Monday, December 15, 2008

DDL Triggers and Security

I've mentioned in the past that I don't particularly care for trigger. That's a shocker, I know, because Tom Kyte loves them so much (here, here, and here).

We're trying to move to a named account approach (for developers too) and the only way to do that is to grant system level privileges. That's not good.

I had read about DDL triggers in the past but wasn't sure exactly how they could be used. Well, let's just say you can do quite a lot. There are database level events and client level events. The database level events include: STARTUP, SHUTDOWN, DB_ROLE_CHANT and SERVERERROR. A few of the client level events include (BEFORE and AFTER): DDL, LOGOFF, LOGON, GRANT, DROP, CREATE, ALTER, etc.

Being a developer my entire career (with certain DBA skills), I had never quite wandered into this territory. I was rather impressed.

The three I thought would make the most sense were ALTER, DROP and CREATE.

If you have system level privileges my biggest concern would be CREATE ANY PROCEDURE and EXECUTE ANY PROCEDURE (though the latter is not one that is currently granted). I've used those 2 privileges to get the DBA role in the past.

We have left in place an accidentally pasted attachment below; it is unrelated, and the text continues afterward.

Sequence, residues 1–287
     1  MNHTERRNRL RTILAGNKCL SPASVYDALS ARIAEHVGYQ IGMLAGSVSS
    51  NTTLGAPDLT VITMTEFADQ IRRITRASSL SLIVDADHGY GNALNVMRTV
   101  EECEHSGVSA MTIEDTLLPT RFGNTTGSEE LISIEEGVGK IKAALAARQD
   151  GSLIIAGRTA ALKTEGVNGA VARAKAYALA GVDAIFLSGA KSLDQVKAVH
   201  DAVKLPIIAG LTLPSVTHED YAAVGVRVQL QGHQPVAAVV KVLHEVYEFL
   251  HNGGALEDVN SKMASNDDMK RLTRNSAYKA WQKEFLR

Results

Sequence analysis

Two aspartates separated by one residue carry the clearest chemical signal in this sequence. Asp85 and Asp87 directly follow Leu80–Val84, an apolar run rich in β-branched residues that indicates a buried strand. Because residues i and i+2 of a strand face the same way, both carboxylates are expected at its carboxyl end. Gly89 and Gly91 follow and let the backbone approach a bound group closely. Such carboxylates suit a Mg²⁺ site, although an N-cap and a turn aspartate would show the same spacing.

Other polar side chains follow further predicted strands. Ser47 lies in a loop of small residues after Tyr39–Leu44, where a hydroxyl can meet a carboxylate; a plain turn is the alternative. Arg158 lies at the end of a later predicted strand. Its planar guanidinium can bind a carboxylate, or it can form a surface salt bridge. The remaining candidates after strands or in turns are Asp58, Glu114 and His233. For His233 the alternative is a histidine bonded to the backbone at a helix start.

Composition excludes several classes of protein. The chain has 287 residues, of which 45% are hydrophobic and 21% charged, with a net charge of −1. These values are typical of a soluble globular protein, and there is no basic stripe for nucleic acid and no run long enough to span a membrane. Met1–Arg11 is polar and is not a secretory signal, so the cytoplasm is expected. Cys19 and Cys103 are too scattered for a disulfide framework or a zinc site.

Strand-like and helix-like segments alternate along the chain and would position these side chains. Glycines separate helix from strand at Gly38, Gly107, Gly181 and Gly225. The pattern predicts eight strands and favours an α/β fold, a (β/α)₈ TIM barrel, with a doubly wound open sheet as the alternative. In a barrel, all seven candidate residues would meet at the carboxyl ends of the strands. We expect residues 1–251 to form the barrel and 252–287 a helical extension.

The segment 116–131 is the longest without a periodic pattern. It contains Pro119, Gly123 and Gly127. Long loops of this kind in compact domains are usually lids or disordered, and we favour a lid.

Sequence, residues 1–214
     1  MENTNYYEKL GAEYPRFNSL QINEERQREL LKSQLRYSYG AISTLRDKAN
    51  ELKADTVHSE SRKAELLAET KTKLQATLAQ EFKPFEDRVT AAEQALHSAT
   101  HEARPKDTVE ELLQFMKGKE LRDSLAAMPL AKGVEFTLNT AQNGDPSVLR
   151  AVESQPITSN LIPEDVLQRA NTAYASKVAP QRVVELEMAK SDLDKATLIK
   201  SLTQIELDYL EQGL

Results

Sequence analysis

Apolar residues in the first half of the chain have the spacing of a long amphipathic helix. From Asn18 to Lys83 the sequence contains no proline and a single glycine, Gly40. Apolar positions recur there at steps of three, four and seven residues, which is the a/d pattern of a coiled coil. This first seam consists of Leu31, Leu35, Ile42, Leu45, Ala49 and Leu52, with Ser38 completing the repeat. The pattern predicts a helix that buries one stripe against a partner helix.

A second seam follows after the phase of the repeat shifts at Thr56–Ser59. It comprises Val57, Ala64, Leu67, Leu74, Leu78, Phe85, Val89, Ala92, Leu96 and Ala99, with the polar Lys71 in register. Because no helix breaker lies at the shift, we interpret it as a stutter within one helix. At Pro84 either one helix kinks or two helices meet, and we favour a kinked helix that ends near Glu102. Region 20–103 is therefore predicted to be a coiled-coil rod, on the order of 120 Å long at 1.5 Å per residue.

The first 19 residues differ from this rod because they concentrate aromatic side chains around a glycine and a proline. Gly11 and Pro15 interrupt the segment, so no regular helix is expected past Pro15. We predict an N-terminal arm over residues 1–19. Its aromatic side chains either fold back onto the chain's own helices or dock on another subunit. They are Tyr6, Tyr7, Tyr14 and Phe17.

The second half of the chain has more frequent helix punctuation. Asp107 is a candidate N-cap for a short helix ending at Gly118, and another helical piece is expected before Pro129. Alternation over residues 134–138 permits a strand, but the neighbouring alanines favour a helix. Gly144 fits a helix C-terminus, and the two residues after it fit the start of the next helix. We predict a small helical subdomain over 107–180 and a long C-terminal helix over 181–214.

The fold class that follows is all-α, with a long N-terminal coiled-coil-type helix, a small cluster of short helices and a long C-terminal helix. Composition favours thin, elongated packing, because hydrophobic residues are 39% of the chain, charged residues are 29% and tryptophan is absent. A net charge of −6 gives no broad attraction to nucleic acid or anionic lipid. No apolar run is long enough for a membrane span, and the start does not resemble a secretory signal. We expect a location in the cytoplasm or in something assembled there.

Here's what I need to do:
1. Does the user have the DBA role?
SELECT grantee
INTO l_grantee
FROM dba_role_privs
WHERE grantee = ora_login_user
AND granted_role = 'DBA';

If they do have the role, it exits right then.
If not,
2. Where is the user trying to create/drop/alter an object? Is it in an approved schema? Their own?
3. raise_application_error if it's not approved or not their own object

Easy enough:
TRIGGER system.no_create_in_dba_schema
l_user VARCHAR2(30) := ora_login_user;
l_owner VARCHAR2(30) := ora_dict_obj_owner;
l_object_name VARCHAR2(128) := ora_dict_obj_name;
l_dba VARCHAR2(30);
l_can_create BOOLEAN;
--is DBA?
SELECT grantee
INTO l_dba
FROM dba_role_privs
WHERE granted_role = 'DBA'
AND grantee = l_user;

WHEN no_data_found THEN
l_can_create := can_user_create_alter_drop
( p_user => l_user,
p_owner => l_owner );

IF l_can_create = FALSE THEN
raise_application_error( -20001, 'cannot CREATE objects in ' || l_owner );
END no_create_in_dba_schema;
show errors
In preparation for this post I found two very similar articles by Arup Nanda and Tom Kyte. I think they've trained me well.

Tuesday, December 9, 2008

Application Developers vs. Database Developers: Part II

You can read the first article here. My application developer friend, Mr. M, emailed me and another fine gentleman this little blurb recently:

Mr. M: